For my YouTube video on this topic, click here!
I’ve worked as GrubHub Delivery Driver and thought I would share my experiences for those that are interested in applying for this job and want to know what’s it’s like. Hopefully you’ll find this helpful!
What is GrubHub?
GrubHub has been around a long time (since the late 90’s, which is ancient in internet years) and was originally a “hub” where restaurants could post their menus for online takeout ordering. As they have expanded and evolved over the years, this now includes GrubHub’s own delivery service that operates through an app.
GrubHub is able to provide drivers to restaurants that may or may not offer delivery on their own. Essentially restaurants are outsourcing their delivery to a third party. Not every restaurant is available for customers to order from (in contrast to Postmates) so as a driver you will only be delivering to restaurants that have contracted with GrubHub.
How Scheduling Works
You can pick your own schedule. It is totally up to you if you want to work 80 hours or 0 hours a week and you will not be penalized either way. You sign up for mini shifts (called “blocks”) that range from anywhere from 2-6 hours. They release all of the blocks at the start of the week and they are on a first come, first serve basis. So if you want to work you’ve got to snatch them up fast!
Unlike Uber, you cannot just get in your car and work anytime you feel like it. You do have to stick with the blocks you signed up for. If you work during a time that you aren’t scheduled for you won’t get paid- so don’t do that!!
The Training/Requirements/Sign-on Process
The “interview” process was very easy- there wasn’t one! Basically as long as you pass the background check and have a good driving record (and there’s spots available) you can become a driver. With Uber and other similar services you have to have a recent (5-10 years old) car, but with GrubHub you do not. Thus, as long as you have a vehicle with four wheels that runs you are probably good.
Training varies depending on your city. Some places have regional offices where you do the training, but mine did not so I had to train through an online webcast thingy. Once you start working all communication with GrubHub occurs though their phone line or by email, which takes some getting used to. You have no direct manager so you get the benefit of not having someone looking over your shoulder. Yet you are also kind of in this thing without direct assistance so it has it’s pros and cons.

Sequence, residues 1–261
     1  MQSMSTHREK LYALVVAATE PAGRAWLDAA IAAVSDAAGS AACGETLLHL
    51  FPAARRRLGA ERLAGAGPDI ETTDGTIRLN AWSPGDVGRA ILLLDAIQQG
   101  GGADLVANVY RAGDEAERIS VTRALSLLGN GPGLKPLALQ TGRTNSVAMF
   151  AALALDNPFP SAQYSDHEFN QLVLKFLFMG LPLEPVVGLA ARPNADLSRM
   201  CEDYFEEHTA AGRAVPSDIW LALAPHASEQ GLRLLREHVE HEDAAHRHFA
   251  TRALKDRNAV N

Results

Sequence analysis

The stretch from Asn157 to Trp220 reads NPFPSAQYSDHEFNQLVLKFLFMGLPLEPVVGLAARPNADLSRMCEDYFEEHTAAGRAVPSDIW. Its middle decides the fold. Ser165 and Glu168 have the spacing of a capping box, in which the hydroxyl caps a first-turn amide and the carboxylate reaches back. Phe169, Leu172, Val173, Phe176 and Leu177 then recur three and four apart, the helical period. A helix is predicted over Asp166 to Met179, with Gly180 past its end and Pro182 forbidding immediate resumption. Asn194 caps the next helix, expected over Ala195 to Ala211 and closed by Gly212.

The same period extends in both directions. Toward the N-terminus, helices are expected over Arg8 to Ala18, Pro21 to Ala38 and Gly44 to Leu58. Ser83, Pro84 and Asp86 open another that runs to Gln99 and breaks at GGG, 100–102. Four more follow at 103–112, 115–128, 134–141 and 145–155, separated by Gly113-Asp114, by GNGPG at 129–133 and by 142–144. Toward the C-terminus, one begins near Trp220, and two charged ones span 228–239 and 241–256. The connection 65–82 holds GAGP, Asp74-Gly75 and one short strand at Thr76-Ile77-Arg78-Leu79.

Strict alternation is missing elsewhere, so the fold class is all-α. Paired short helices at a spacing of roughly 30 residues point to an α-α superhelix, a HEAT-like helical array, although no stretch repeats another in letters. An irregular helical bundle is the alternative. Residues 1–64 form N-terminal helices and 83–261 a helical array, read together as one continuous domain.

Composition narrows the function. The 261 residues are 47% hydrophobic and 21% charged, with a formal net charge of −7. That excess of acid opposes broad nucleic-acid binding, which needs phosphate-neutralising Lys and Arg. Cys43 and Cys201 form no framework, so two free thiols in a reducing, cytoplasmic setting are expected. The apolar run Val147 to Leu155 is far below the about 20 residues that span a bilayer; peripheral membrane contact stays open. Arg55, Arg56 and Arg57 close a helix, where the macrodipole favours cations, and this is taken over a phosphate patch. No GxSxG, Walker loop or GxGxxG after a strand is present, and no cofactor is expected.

What Your Blocks are Like
You are assigned a specific geographic region and you HAVE to be in that region to get offers and get paid. You have to download an app on their website. If you have an iPhone there’s a GrubHub Driver app in the app store but this is NOT the current app so don’t download it, use the link they have in the emails they send you.
Once you are on your first block, you go to your region and sign in to the app. Your phone will ding whenever there’s an offer available. You’ll see the address on your phone of the restaurant, then you pick up the food and take it to the customer. If you are signed up for a block you work rain or shine, so remember that when signing up.
Okay so you’re thinking blah blah blah get on with it, how much did you actually make!? I wanna make it rain! You will not get rich from GrubHub but can make SOME money. Here’s how the pay structure works- for every order you get a base amount (in my region it’s $3, but in larger cities like NYC or LA it will be higher), then they reimburse you for mileage (which is based on a straight line distance from the restaurant to the customer only, they don’t count driving to the restaurant itself), plus the tip.
So for example, if I got an order from a restaurant I would first get $3 automatically for delivering the food, the measly amount they give for mileage (let’s say I get $1.50), and then I get a tip for $3.50 I would have $8 total for the order. Usually I would get about 1-2 orders per hour.
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So let’s say I was working a three hour block in the evening, and the first two hours I picked up three orders for a total of $27, but the last hour is dead and I get no orders the final hour as I sit in my car pondering existential life questions (it happens). Technically I would make $27 from the orders, but GH guarantees an hourly minimum (varies by region but can be 10-14/hr), so then GB would bump it up to at least $30 for the three hours.
Here’s where it gets tricky- you can decline an order that pings in on your phone. So if it’s too far of a drive you can decide against it, but if you don’t accept 75% of the orders you are NOT guaranteed the minimum pay.
Take note that you are an independent contractor so you don’t get benefits. Plus you have to provide your own car insurance. They also don’t pay any extra car expenses.
One final note- some cities have GH deliverers who walk or bike so that’s an option, too. Working with GrubHub can be a good way to pick up some extra money so it’s definitely something to consider if it’s available in your area!
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